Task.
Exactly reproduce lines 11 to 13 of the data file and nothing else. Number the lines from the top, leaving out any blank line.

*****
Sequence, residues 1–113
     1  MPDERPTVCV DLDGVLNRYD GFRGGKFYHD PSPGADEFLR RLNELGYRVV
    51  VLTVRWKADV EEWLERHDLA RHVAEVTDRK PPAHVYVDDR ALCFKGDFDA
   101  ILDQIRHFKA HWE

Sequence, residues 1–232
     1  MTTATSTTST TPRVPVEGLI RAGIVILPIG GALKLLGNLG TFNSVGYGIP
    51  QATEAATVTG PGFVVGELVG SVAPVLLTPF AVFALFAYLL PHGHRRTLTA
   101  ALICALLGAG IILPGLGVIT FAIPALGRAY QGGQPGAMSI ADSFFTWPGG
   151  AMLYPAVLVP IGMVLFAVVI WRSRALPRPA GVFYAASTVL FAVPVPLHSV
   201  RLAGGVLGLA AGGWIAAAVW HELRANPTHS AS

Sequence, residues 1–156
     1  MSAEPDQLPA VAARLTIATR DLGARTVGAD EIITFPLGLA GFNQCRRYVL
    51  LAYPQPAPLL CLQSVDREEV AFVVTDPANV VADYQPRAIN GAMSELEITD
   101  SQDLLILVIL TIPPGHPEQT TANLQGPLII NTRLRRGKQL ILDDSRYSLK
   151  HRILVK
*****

Sequence, residues 1–156
     1  MSAEPDQLPA VAARLTIATR DLGARTVGAD EIITFPLGLA GFNQCRRYVL
    51  LAYPQPAPLL CLQSVDREEV AFVVTDPANV VADYQPRAIN GAMSELEITD